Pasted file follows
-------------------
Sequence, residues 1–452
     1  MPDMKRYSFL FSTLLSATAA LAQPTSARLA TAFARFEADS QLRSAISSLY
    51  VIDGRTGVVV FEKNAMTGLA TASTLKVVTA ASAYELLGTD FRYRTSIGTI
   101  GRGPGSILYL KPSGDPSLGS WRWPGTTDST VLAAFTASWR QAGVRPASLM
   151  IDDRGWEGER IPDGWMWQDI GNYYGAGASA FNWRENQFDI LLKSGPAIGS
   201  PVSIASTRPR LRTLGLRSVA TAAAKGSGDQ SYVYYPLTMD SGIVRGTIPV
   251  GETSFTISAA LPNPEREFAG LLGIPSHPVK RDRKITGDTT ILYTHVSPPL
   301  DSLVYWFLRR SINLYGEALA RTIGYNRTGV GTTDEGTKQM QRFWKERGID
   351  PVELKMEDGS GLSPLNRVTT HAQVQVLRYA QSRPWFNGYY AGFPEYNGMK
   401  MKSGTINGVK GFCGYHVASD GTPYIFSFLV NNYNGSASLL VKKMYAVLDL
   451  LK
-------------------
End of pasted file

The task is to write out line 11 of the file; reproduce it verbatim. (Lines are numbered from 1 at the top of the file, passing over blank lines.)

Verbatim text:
   451  LK